Keeping track of the LSAP losses

This is mostly a follow-up to my post last Saturday on the LSAP losses.

In that post I noted that while the LSAP was still running, the monthly line item on the Reserve Bank balance sheet recording the Bank’s mark-to-market claim on The Treasury under the indemnity was a reasonable proxy, on prevailing market prices, of the direct fiscal losses the LSAP programme would result in. And it was an official number.

The Reserve Bank published its monthly balance sheet for the end of March. The Bank’s claim under the indemnity as at 31 March stood at $7821 million.

However, as I also noted in Saturday’s post, this number is no longer even an approximate estimate of the direct fiscal losses from the LSAP programme. It is still a best guess, on market prices, of the unrealised losses on the bonds the Bank is still holding.

But the Bank’s holding of bonds are now much lower than they were at peak. In the programme as a whole, the Bank purchased government bonds with a face value of $53480 million and LGFA bonds with a face value of $1735 million. All of those purchases were covered by the indemnity.

However, since July last year the Bank has been selling back to The Treasury each month government bonds with a face value of $415 million. Total sales to date – most recently a parcel on Monday – total $4150 million. The resales programme is starting with the longest-dated (most risky) bonds, on which the largest percentage losses will typically have been made. As those bonds are sold back to The Treasury the Reserve Bank’s losses are realised, and their claim on the indemnity is met each month by The Treasury. (In addition, as the table below records, there were some payments from the RB to Treasury in the period before resales began, which may represent higher coupon payments to the Reserve Bank exceeding the Reserve Bank’s (OCR) funding costs during the very low OCR period.)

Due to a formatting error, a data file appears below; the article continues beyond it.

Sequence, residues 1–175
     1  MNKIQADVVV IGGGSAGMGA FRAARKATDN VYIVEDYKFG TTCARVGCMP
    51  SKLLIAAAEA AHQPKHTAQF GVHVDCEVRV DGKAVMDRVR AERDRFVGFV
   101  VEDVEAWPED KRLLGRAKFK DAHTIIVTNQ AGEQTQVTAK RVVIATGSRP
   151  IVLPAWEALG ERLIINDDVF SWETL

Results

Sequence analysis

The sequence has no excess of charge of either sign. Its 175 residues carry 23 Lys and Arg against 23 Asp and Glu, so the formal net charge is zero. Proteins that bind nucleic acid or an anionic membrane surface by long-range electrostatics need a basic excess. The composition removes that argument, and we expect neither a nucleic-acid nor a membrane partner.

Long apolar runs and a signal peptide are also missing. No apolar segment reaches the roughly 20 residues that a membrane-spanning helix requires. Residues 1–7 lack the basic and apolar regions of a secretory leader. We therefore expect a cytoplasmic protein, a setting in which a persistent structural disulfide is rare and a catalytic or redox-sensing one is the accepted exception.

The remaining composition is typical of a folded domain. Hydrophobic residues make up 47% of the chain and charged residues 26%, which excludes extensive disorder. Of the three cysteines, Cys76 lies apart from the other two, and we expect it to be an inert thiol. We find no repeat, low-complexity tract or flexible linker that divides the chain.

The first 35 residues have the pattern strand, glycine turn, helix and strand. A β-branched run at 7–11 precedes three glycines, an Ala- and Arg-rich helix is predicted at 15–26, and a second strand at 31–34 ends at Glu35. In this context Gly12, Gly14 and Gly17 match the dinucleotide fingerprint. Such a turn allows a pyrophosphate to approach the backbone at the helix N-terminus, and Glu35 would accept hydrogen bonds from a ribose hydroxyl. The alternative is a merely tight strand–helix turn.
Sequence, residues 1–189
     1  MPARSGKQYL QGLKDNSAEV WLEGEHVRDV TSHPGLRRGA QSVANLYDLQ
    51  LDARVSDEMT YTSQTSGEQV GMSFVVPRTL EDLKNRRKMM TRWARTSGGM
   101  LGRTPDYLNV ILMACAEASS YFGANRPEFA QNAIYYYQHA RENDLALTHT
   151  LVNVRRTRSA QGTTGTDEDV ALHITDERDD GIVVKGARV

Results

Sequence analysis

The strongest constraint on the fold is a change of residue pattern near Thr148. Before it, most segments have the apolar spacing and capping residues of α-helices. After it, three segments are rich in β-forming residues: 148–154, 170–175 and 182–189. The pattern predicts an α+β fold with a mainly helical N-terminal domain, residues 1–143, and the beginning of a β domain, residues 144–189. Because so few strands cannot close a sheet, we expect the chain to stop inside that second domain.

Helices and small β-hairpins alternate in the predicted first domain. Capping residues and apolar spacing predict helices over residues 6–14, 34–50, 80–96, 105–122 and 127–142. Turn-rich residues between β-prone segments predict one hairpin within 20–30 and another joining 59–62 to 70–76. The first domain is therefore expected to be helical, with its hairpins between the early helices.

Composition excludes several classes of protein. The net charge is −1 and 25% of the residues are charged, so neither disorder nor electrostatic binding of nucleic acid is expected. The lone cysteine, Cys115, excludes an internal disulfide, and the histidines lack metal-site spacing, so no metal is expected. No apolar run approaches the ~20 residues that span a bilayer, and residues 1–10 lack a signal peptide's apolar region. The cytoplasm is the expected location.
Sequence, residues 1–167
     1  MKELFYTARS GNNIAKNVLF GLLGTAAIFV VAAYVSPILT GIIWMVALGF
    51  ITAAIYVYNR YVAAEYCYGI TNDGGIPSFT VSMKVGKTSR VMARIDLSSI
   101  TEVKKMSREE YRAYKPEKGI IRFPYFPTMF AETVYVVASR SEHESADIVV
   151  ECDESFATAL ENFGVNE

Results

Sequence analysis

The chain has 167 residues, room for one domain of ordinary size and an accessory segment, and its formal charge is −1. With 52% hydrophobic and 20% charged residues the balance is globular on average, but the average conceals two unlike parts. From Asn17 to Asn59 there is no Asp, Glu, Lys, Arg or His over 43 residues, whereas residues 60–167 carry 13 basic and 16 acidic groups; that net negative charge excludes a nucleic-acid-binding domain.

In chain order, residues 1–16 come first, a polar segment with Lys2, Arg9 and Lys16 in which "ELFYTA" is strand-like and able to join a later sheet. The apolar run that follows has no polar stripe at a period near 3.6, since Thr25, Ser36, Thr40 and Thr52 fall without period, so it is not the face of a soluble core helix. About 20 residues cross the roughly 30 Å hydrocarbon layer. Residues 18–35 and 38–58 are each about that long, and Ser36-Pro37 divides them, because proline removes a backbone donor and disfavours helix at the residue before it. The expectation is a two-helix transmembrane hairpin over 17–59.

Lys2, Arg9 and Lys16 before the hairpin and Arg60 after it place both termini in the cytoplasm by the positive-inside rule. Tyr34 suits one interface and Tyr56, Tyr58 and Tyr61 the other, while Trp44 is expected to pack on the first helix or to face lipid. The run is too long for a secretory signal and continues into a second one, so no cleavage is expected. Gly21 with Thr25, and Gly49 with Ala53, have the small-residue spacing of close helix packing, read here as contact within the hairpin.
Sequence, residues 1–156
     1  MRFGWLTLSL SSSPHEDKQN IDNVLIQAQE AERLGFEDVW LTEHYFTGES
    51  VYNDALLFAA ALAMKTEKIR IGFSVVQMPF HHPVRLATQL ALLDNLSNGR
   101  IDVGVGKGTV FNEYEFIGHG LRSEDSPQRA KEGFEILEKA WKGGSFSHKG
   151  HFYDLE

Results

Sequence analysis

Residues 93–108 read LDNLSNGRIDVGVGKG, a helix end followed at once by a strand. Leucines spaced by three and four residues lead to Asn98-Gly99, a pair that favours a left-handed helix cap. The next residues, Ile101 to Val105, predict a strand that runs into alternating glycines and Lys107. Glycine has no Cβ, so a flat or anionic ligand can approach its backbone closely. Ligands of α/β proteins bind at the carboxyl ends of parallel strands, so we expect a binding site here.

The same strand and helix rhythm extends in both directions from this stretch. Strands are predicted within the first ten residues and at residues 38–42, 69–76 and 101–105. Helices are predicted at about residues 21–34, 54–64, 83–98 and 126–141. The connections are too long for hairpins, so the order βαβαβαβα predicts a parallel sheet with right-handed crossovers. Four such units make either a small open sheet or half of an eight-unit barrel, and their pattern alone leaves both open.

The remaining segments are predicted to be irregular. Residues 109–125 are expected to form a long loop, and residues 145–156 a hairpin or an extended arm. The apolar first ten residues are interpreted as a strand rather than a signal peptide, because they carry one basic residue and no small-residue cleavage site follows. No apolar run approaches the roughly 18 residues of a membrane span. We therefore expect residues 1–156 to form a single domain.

There appears to be no easy place to find the monthly indemnity payments (I have suggested to Treasury that in the interests of transparency it would be good if they or the Bank provided such a table), but there were some hard numbers, and some indications, in a November 2022 Treasury paper that I drew from in Saturday’s post

Actual market rates have changed since then, but the total payouts to date could be almost $2 billion.

In addition to the sales back to The Treasury, some of the bonds the Reserve Bank purchased have matured in their hands.

On the LGFA side, $216m (face value) matured in May 2021, $250m in April 2022, and another $250m this month.

In respect of government bonds, $1300m matured in May 2021 (and on those bonds the Crown appears to have roughly broken even from having done the LSAP purchases – the OCR, the Bank’s funding cost, having been 0.25 per cent throughout the period the May 2021 bonds were held), and another $7471 million (face value) matured a few days ago, 15 April 2023.